One of the most frequent discussions among senior security executives for years has been about gaining a seat at the table with the C-suite and the Board. The only way to gain that coveted seat is by transforming the Security function into a business enabler and demonstrating the intrinsic value it provides to the business. If you and your program are not viewed as adding value and assisting the business in executing its strategy, then you are relegated to a draw on overhead or worse yet a necessary evil. If you are viewed as the latter, it might be time to brush up your resume, as your days may be numbered.

Granted, it is much easier said than done... but, at the end of the day, isn’t that what we are all being paid to do? While some have already transformed their security function to this model, others will engage and struggle with this concept. Realistically, relative few will really understand how to get there, and there will be those who are simply not willing to adapt their programs to such a model.


Do Your Due Diligence

The first step down the path to the nirvana of a seat at the table for any CSO begins with gaining a deep understanding of the business. I can’t emphasize enough that this is the most important due diligence you will ever conduct.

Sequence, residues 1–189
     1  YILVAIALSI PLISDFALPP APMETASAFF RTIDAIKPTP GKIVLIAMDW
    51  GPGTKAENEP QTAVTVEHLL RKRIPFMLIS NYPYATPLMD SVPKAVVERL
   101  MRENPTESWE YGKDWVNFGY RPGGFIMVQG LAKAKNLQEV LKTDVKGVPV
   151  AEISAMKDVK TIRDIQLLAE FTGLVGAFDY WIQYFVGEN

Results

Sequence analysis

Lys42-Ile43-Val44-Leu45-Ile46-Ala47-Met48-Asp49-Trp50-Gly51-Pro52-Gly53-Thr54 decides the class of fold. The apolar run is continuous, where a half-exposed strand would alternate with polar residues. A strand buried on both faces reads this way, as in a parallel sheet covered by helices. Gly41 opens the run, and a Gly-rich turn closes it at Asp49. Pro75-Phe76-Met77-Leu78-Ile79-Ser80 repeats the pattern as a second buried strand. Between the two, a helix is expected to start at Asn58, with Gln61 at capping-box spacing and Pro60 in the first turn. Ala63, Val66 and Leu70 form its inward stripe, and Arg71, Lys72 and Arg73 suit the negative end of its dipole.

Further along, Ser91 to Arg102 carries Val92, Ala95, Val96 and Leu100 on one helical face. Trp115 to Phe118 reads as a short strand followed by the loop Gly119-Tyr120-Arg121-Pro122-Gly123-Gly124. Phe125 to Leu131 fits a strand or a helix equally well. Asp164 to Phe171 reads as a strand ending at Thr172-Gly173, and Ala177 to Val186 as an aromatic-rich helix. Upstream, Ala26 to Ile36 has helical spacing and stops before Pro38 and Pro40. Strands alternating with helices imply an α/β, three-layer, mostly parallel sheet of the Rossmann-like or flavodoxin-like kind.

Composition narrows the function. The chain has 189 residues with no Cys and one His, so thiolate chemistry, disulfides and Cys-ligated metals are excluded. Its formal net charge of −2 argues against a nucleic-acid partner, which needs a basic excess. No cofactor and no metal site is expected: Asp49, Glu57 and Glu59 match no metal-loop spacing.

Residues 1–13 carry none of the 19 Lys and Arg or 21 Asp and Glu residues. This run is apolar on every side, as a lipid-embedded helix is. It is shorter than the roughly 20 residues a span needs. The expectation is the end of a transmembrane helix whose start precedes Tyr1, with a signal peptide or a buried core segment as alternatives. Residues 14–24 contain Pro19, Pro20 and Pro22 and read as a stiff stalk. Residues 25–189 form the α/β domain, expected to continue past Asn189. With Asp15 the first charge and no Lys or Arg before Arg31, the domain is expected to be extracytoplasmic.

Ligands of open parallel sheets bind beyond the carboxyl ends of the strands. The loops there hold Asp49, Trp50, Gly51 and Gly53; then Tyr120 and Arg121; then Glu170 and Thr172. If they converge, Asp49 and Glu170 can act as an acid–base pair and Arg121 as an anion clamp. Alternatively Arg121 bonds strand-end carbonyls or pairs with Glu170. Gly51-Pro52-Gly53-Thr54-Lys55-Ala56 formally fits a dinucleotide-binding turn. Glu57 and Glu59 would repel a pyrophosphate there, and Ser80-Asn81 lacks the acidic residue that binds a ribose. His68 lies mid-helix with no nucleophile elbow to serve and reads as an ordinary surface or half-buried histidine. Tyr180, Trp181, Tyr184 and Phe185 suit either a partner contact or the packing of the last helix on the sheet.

• Start by reviewing the company’s website and read everything you can find. In the Investor Relations section, there will typically be briefings from analyst meetings as well as the annual report and other key regulatory filing documents, which are filled with a treasure trove of information.
  • Your next stop is the company’s Strategic Planning function where you can obtain a copy of the corporate strategic plan and, hopefully, they can provide you with the strategic plans for each of the business units. It is vital that you become deeply familiar with these roadmaps to the company’s future.
  • Drop by your Sales and Marketing department where you can become acquainted with the company’s products/service, its markets and channel structure, and the ultimate customer for your company’s products or services. And, don’t forget to ask about the competition while you are there.
  • Sit down with the folks in Operations; they can fill you in on where the company produces its products and the supply chain. They can also provide information on the company’s logistics network.
  • If your company has a Chief Risk Officer or ERM department, stop in and ask to see the annual risk briefing/report provided to the Board each year and the annual risk review done on all the functions of the company each year.
  • Another key area for data collection is the Audit department. Obtaining copies of audit reports provides insights into issues that may exist across the company.
  • Your last stop during this phase of data collection is with your R&D department. It is vitally important to gain a picture of what the future pipeline of products and services in development by the company looks like and the expected impact they will have on the company’s revenue stream.

The data you have collected so far will help you establish a foundational understanding of the business. Remember though that it is just as important to “read between the lines” as there is also a lot of hidden data that won’t be revealed in the documentation that you have accumulated.

In next month’s column, I will map out the next rung on the ladder as you begin the ascent to that Seat at the Table.